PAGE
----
She is reviewed in The Brooklyn Rail, Time Out Chicago, American Book Review, Film Threat, Review of Contemporary Fiction, etc.  She is also a regular book, art, and film reviewer, and she performs screenplay and television pilot coverage.

In 2016, a fictional memoir excerpt from a book length manuscript, The Pump Room,  is nominated for Best of the Web, Sundress Press.

She writes narrative  screenplays, short screenplays, and is currently working on a particular narrative feature, she is driven to see to screen and to direct.

Elizabeth receives two M.F.A. degrees in film/media arts and writing from the California College of the Arts, San Francisco, an M.A. in cultural anthropology from UC Santa Cruz, and her B.A. with high honors in anthropology, from the University of Michigan Honors College, where she attains many writing and video awards (also making a 30-minute documentary video), and studies with MacArthur award-winning anthropologist/filmmaker/photographer, Ruth Behar.  While at the University of Michigan she is a theater and photography critic for the Michigan Daily and she interns for the Michigan Quarterly Review.  She also attends the Bread Loaf Writers’ Conference.

She studies analog and digital filmmaking and media art with Lynn Marie Kirby (2017 U.S. Venice Biennale artist), Jeanne C. Finley, and Trinh T. Minh-Ha (Class of 2016 Motion Picture Arts and Sciences).  She learns sound recording from Academy Award winner, Richard Beggs, and in the Mills College graduate electronic music program.  She considers PEN/Faulkner, NEA awardee, Maxine Chernoff, one of her most generous creative writing mentors/advisors.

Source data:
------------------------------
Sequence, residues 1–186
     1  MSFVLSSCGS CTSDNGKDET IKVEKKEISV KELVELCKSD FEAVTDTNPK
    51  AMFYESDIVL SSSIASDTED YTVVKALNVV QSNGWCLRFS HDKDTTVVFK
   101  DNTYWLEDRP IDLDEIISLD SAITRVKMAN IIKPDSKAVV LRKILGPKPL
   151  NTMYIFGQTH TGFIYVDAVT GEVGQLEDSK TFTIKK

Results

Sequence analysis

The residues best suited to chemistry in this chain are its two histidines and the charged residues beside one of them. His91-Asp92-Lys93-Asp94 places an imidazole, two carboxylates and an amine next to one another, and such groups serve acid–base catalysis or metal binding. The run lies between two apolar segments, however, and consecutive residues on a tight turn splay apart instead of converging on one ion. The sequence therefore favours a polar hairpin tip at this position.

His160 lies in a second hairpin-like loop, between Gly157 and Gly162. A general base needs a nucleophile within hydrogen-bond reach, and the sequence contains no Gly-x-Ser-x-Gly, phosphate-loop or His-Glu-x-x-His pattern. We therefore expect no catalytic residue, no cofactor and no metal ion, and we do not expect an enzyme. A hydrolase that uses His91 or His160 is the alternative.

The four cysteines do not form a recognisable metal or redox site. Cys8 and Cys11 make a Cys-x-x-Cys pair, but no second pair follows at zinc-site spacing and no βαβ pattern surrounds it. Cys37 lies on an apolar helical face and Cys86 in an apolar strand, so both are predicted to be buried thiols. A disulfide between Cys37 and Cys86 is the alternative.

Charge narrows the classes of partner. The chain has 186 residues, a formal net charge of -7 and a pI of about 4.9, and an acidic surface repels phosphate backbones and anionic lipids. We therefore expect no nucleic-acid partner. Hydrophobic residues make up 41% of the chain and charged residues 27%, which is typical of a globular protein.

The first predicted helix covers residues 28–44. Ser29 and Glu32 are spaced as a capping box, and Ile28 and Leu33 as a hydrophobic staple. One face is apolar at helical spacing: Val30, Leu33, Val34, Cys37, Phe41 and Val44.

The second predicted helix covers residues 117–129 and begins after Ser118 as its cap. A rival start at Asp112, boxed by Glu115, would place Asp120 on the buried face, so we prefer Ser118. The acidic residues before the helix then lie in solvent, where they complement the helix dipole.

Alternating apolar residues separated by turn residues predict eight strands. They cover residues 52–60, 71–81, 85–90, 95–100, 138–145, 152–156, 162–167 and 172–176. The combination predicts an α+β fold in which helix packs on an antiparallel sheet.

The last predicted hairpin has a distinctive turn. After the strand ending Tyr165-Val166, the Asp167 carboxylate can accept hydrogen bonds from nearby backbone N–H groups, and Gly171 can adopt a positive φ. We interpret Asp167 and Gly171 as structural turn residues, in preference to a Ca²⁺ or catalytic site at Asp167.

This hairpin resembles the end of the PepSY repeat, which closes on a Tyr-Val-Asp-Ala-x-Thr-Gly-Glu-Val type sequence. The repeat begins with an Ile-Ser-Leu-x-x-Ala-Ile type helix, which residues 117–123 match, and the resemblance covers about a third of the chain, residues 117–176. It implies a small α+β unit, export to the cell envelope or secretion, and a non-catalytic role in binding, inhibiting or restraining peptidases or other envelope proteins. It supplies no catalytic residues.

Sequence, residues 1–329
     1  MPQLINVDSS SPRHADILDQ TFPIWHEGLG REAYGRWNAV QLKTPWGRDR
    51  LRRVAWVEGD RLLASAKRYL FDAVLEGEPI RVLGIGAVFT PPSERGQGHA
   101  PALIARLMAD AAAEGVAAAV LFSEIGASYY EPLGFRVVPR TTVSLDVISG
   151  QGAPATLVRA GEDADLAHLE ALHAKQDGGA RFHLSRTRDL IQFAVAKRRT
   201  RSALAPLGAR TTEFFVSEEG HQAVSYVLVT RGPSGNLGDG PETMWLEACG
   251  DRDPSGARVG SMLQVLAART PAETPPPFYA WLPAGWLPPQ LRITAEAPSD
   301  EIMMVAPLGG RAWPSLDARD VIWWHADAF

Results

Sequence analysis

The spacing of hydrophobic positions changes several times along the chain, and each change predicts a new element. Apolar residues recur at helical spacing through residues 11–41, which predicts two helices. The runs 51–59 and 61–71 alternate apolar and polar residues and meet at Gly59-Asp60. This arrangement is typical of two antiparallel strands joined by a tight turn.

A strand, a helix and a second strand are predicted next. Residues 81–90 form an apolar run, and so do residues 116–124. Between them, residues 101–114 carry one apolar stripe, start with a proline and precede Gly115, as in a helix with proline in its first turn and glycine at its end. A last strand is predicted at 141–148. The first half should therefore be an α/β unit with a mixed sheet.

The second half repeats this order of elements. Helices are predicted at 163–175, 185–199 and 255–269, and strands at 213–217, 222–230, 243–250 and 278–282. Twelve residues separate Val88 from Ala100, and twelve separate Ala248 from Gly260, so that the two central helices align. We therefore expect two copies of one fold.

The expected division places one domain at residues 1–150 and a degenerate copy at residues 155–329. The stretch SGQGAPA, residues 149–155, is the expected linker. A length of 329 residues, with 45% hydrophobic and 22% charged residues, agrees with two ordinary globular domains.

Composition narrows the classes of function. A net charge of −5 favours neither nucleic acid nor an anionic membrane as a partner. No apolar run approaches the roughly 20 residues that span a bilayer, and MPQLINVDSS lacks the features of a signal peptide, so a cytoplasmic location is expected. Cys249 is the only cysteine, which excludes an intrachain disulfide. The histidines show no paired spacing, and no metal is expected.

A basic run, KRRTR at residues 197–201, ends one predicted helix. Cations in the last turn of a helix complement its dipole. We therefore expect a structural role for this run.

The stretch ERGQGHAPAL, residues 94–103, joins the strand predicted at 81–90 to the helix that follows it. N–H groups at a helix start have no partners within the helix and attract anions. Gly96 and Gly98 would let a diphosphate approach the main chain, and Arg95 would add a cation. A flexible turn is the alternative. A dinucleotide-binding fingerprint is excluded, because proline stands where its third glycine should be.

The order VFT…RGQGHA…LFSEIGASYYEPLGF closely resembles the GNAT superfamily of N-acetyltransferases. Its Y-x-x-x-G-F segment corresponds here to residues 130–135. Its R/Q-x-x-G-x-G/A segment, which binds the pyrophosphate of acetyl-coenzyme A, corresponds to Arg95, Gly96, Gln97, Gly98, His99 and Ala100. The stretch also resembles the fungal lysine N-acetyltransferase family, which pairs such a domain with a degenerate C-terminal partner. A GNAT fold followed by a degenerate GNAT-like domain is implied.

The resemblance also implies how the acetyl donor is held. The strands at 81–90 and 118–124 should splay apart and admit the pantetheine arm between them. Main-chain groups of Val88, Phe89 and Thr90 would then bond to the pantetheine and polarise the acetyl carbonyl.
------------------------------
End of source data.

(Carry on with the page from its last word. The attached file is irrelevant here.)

Elizabeth works in 16mm and video, as a producer, director, cinematographer, and editor (she has edited on a Steenbeck as well as on the computer).  She develops and hand-processes 16mm prints and photogram film, and she does projector performance with film and light.

She collaborates with Melbourne, Australia based composer, Warren Burt, for over a decade. He composes for her films and creates digital soundscapes for her written text (some of which have appeared on radio and podcasts internationally), Elizabeth’s writing is presented as public art in Santa Fe, New Mexico.  Elizabeth reads her fiction on KQED, other public radio stations, and podcasts.  She also collaborates with Lannan Foundation, Skowhegan School Fellow, and NEA supported artist, Evri Kwong.

Elizabeth is born in Detroit, and raised in Bloomfield Hills, MI.  She is also the offspring of a father born, raised, and educated in Boston/Cambridge, so she has deep roots and longings for New England, and never takes a liking to the word “pop.”  She doesn’t even drink soda, anyway.  She has lived in NYC, Annandale-on-Hudson, Portland, Washington D.C., and now considers herself a native Californian.  Her daughter is a fourth generation San Franciscan.


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Copyright Elizabeth Block 2017.  All Rights Reserved.

Image:  Copyright Donna Cameron 2017.  All Rights Reserved.